Nearly Half of Baby Boomers Haven't Saved Enough for Retirement

What Does It Mean for Marketers If This Free-Spending Generation Starts Saving More?

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Nearly half of baby boomers are "at risk" of running out of money during retirement, according to a new study from the Employee Benefit Research Institute. The "Retirement Readiness Rating" found that nearly one-half (47.2%) of the older baby boomers might not have enough retirement money to cover basic costs and health care. Younger boomers fare slightly better with 43.7% at risk. Gen-Xers aren't looking too good either, with 44.5% potentially in trouble.

The younger boomers (45- to 54-year-olds) are in their top earning and spending years, according to the latest Bureau of Labor Statistics data, with older boomers (45 to 54-year-olds) not far behind. Their spending has helped fuel the U.S. economy for decades. In 2008, total spending by boomers was $2.65 trillion.

Jack VanDerhei, EBRI's research director, thinks the boomers will fall into two categories: Those who try to maintain their current lifestyle as they retire and then run out of money in five to 10 years, or they'll cut spending on discretionary items like going out to eat, vacations and transportation. He predicts there will be more individuals in the first category, at least initially. They can forget about second homes. "They will be lucky if they have one home in many cases," Mr. VanDerhei said.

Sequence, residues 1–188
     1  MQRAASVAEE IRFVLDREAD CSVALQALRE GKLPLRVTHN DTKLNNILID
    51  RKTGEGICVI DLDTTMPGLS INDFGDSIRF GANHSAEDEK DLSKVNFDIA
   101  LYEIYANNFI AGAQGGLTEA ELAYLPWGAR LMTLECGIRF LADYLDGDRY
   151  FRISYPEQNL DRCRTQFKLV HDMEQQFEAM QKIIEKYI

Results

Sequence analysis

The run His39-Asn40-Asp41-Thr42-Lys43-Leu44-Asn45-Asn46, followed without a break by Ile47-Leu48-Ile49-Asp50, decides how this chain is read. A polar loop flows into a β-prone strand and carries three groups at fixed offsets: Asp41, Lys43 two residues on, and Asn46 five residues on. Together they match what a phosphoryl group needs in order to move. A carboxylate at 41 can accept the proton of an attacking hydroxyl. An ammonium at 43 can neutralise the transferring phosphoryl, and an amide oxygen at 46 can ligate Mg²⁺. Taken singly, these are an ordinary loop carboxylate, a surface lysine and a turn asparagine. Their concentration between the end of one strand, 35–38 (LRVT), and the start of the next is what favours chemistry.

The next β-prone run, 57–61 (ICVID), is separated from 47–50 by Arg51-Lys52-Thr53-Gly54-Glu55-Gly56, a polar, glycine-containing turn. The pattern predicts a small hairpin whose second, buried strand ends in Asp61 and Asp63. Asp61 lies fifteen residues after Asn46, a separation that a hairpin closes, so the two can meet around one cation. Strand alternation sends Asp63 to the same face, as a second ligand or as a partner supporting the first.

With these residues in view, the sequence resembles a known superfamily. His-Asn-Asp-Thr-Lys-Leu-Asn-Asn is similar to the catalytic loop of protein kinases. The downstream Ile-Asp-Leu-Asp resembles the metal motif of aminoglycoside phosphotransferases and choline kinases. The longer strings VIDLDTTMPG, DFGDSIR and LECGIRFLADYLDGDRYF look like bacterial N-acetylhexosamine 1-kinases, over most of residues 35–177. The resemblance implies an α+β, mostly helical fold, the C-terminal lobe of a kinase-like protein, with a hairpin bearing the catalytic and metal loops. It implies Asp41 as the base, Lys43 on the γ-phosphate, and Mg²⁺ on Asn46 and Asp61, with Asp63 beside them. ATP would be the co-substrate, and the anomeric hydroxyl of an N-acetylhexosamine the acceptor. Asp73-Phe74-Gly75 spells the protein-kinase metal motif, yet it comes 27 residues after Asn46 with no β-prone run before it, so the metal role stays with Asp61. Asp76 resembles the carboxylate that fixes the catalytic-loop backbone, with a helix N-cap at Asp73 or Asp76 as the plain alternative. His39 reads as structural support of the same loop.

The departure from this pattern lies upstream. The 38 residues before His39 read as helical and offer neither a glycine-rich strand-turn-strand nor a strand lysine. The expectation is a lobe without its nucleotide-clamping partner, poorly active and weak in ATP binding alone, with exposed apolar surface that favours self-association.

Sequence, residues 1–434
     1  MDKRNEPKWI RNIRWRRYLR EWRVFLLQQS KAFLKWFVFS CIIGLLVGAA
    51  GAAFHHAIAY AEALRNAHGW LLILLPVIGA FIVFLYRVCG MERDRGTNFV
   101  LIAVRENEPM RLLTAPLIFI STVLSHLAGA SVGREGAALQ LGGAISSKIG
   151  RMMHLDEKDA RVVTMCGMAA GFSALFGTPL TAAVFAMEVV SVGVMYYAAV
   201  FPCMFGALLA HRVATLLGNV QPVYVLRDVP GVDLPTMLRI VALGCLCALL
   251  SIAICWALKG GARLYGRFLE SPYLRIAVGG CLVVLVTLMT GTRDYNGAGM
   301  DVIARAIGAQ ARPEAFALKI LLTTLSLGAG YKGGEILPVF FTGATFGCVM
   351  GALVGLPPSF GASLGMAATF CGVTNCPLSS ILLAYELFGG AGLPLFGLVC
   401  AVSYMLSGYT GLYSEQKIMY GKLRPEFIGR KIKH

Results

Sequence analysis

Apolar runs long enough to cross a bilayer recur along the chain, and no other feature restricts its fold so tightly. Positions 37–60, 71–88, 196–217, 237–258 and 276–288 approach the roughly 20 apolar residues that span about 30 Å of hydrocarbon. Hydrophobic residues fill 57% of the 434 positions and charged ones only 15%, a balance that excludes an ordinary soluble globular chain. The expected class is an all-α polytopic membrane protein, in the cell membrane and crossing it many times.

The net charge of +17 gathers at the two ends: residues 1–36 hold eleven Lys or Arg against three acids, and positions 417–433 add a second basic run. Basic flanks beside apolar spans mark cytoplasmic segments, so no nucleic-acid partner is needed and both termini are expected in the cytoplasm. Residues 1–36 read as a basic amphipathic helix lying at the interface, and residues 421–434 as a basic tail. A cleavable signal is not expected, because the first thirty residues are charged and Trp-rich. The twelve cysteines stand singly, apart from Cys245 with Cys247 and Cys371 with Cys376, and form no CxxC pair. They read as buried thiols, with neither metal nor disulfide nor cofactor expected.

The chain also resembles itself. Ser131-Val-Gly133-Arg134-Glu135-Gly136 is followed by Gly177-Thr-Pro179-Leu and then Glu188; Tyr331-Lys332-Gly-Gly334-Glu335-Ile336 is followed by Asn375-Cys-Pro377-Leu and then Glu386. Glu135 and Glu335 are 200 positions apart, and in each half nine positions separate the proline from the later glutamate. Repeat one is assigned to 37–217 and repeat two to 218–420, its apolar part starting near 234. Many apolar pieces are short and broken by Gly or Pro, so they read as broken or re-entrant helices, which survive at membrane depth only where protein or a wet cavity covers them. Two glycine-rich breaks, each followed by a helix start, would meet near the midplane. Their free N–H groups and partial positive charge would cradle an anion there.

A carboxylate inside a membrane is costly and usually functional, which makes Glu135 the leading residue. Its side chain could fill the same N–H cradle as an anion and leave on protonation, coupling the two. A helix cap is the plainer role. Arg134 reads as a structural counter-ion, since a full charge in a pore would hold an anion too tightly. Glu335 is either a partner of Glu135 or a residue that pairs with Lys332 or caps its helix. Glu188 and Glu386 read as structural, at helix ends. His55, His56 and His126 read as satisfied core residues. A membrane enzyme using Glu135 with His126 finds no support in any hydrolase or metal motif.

This should be a growing concern for marketers. In 2008 boomers spent $135.6 billion on dining out and $459.7 billion on transportation, two areas of spending ripe for cutting back if they start saving more toward retirement.

The "at risk" numbers have actually improved since EBRI first did this study in 2003. The researchers attribute this largely to the Pension Protection Act, which helped participation rates in 401K plans double to 80%. But for a generation that has seen their parents retire comfortably, they have a mindset that they will be able to weather retirement despite not having the pension and defined benefit plans that previous generations had.

"To an embarrassingly large extent they haven't done much financial planning," said Mr. VanDerhei.

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